No company likes to lose a top performer, but when a key employee
announces his or her intention to accept an offer elsewhere, some
managers go into panic mode. This sometimes results in a counteroffer.
While losing a critical member of your team may be a setback, a
counteroffer is not likely to accomplish your goal of keeping the
person over the long term.
Here are the key reasons counteroffers are not a wise choice:
Trust may never be the same. People don't quit jobs they love. If
the employee was completely satisfied working for you, you
wouldn't now be having to discuss counteroffers. Even if you make
the requested adjustments, it may not make a difference in the long
The individual may begin to question why it took the threat of
departure for the company to recognize his or her value and make
improvements to the job. There also may be additional considerations
that can't be resolved and may cause the person to rethink the
decision to stay.
The reverse is also true. No matter how much you want to retain a key
member of your team, recognize that you may have lingering doubts
about the employee's loyalty and motivation.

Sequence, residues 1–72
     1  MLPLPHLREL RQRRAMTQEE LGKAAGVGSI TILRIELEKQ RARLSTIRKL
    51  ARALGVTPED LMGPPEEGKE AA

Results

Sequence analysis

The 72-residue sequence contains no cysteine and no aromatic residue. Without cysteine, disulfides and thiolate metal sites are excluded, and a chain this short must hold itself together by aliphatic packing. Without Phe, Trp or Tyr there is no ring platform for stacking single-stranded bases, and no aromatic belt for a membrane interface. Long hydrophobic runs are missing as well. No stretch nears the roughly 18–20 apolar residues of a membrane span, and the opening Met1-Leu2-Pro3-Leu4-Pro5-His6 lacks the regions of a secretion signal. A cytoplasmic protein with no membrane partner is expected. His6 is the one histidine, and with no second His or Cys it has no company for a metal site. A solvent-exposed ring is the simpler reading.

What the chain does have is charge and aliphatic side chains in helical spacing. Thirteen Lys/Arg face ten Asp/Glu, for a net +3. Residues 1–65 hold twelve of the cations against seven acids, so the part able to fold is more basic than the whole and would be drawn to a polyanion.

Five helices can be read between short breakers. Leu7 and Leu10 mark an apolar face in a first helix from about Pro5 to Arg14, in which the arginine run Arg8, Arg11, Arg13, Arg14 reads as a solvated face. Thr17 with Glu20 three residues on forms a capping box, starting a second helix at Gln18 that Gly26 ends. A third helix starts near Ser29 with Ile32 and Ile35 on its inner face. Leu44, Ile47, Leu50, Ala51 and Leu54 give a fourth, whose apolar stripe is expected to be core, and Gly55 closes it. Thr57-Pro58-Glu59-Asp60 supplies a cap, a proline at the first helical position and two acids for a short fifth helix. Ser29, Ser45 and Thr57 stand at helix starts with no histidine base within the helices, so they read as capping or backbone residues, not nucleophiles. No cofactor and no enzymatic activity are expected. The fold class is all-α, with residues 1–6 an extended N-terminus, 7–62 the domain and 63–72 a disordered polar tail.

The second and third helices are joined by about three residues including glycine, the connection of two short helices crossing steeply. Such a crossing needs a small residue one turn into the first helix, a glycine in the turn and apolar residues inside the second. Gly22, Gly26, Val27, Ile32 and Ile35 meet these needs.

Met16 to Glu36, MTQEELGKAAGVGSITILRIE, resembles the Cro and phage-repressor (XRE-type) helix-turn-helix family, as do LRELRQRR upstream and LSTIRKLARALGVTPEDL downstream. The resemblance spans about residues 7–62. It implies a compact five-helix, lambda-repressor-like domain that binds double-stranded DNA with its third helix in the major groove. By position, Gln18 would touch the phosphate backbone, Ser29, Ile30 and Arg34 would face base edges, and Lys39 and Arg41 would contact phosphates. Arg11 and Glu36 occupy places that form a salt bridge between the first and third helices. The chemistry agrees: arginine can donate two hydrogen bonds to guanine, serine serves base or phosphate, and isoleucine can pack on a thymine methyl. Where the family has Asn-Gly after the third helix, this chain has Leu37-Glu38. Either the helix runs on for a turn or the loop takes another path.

Salary adjustments may be complicated. Evaluate not only the impact of
a counteroffer on your budget, but also the effect it will have on
your group. When you pay someone more than the typical salary scale,
you could disrupt your organization's compensation structure. This
could create resentment among employees who feel they were deserving
of raises or promotions but were overlooked because they did not
threaten to quit.
See resignations as a learning experience. While the loss of a
critical employee can be difficult, it also presents an opportunity to
make improvements that might benefit remaining staff. Take note of the
factors that prompted individuals to leave your organization. You may
discover that there is some consistency in the responses, helping you
identify a broader problem.